Well, I´m off now to explore Zubiri. Some good stretching is in store tonight, too. Walking uphill and downhill really uses different muscles than walking through flat Toronto.  Still glad I did those training walks, though – I have no blisters like many of my fellow pilgrims!

Day 1: St. Jean Pied de Port to Roncesvalles

How to even begin to describe what life is like here?

Yesterday I woke up before 6, had breakfast, and was out the door before 6:30. If you know the Camino at all, you know that there are two options for walking on your first day.  One is all the way up and over the peak of a mountain; the other follows a valley before being up and over a mountain.  The first is more climbing, and more popular. I had been praying that God would help me decide what route to take, but when I woke up I was still unsure.  Then at breakfast my hospitalera (the woman who runs the hostal) was talking about how it would be rainy, so you wouldn´t see lovely sights, and really, really windy.  She said people often break their legs falling when it´s that windy. She had once seen a girl fall over and remain unable to get up because of the wind and her backpack.  She had seen a man bracing himself against the wind and running a few metres every five seconds or so, while everyone else turned back.

Since I do not have a death wish, taking the Route Valcarlos was an easy decision. And, hey – if it was good enough for Charlemagne, it´s good enough for me!

Starting out, there was lots of happiness.  The route followed a river, and was off the main road.  All around me were lovely Basque houses and birds singing. Euphoria!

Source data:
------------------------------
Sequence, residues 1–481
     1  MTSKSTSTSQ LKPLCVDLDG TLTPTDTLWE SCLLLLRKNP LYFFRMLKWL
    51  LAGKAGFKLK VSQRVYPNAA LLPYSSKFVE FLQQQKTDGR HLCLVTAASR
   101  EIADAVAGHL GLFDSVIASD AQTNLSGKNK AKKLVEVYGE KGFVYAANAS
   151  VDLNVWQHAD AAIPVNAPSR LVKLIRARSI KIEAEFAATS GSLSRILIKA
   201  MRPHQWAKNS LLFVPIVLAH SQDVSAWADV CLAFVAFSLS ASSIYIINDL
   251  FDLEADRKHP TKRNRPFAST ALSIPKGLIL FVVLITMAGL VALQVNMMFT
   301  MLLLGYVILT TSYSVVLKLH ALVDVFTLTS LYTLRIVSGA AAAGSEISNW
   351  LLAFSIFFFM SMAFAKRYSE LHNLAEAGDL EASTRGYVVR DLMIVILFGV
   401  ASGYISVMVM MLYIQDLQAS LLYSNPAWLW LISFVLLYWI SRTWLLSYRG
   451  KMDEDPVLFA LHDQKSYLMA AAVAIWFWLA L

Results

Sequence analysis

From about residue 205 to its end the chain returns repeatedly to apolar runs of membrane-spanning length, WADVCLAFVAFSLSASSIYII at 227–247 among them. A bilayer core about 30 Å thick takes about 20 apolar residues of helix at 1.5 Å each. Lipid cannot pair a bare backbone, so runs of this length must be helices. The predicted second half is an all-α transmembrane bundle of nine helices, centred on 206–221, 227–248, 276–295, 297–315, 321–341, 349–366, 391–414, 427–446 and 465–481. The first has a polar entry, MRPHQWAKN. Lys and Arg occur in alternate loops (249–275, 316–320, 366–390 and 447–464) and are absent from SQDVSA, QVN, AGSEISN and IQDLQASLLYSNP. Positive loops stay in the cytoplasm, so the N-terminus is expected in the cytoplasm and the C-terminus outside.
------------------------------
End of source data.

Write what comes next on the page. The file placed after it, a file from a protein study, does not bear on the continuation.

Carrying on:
Eventually it started raining. It didn´t stop for most of the day.  Then there were also hills involved. What killed me was that every time the road went down, it felt like a waste of altitude gained – I knew I was just going to be going back up again later.

I found a walking partner in a young man from Korea. This was really a gift from God. Even though we didn´t do much talking, it was great just to have a companion and not be alone.

We crossed over into Spain, and I actually didn´t even know that we had until we crossed back into France. Then along the river for a bit until back into Spain for good.  It´s crazy that you can just walk across a border and not even know it. And people there are probably living in one country and buying their groceries or gas in another on a regular basis.  If you´ve ever crossed the border Canada/USA – it´s just so the opposite of that experience.

Then came the mountain(s).  Up, up, and up.  Sometimes we were walking along a path literally carved out of the mountainside, with a rushing river beside.  I almost fell over the edge once. Walking poles were great for balance and to help drag myself up.

Finally, finally, finally, we crested the peak. And then a swift downhill to the albergue.  Where I showered, and then pretty much sat exhaustedly.  Met some nice people, though!

I am paying for internet on a computer in my albergue right now, so no pictures yet.  People here know how to get money – pilgrims need a place to stay, and it´s more money if you don´t offer free wifi! I´m sure I´ll find one eventually where I can post, though.